Supporters of Senate Bill 561 (Jackson – D, Santa Barbara) relied on a recent poll of 800 likely 2020 presidential election voters in California, commissioned by the American Civil Liberties Union of Northern California (the “ACLU”) and conducted by David Binder Research, to support stronger privacy laws in California. The poll was brought to light at a recent Senate committee hearing to support enactment of that bill and a full private right of action in the California Consumer Privacy Act of 2018 (the “CCPA”).
The poll, conducted in March 2019, asked voters, in general terms, about their support for stricter privacy laws in California. The first question asked voters, “California is considering new laws to require tech companies to get your permission from you before they share your personal information. It would give you the right to know what personal information about you has been collected and who your personal information has been shared with.” According to the poll, 94% of California likely voters either strongly or somewhat supported those laws. This included 96% of Democrats and 89% of Republicans. Support was also strong across age groups and regions (Southern California voters showed the least support, at 93%).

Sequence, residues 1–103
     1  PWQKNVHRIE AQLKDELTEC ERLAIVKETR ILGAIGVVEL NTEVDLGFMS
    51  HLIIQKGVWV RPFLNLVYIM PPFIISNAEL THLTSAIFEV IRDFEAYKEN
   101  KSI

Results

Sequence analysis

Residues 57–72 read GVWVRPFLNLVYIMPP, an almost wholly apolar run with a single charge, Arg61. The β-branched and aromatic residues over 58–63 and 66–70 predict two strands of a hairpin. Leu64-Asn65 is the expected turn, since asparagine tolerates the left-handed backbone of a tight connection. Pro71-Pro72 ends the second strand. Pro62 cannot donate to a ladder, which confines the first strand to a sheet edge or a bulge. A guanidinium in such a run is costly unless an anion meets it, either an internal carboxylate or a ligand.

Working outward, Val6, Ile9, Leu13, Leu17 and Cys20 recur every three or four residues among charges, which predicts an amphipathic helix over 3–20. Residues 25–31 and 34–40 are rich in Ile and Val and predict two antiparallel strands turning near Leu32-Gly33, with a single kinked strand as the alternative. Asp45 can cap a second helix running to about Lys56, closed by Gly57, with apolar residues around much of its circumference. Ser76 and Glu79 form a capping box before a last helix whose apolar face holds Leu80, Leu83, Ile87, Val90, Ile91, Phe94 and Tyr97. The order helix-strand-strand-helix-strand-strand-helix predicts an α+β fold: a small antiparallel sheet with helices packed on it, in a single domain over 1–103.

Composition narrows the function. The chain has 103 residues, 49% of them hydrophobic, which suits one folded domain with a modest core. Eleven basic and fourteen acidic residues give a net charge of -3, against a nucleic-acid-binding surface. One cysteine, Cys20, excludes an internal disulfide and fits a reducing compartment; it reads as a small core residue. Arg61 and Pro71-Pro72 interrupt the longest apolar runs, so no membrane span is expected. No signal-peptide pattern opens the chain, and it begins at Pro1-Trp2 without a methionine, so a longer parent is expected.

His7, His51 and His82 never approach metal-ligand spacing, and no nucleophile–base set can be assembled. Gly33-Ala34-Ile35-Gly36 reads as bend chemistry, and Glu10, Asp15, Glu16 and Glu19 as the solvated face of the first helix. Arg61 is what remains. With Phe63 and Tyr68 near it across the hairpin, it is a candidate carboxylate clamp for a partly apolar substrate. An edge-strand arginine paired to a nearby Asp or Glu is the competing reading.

Giving consumers a private right of action also received strong support from respondents to the poll. According to the poll, 94% of Californians support laws that allow individuals to “take a company to court if they violate your privacy rights.” And an “opt-in” regime, which would require companies to obtain a consumer’s affirmative consent before sharing the consumer’s information with third parties, received 97% support.
Notably, however, poll questions were phrased in such a way that suggested that only large technology companies like Google, Facebook and Yahoo! would be covered. The poll questions asked voters about laws regulating “tech companies.” Accordingly, while privacy is clearly almost universally popular in California, it is unclear how voters would come out on the CCPA itself, which imposes huge regulatory burdens and expenses not just on large tech companies, but also on medium-sized and some small businesses in California.
The poll, which was conducted between March 9 an March 11, 2019 by telephone, cell phone and online, has a margin of error of +/- 3.5%. The poll is already being used by lawmakers to justify stronger privacy laws in California, and given the almost universal support found by the poll, that is likely to continue in the future.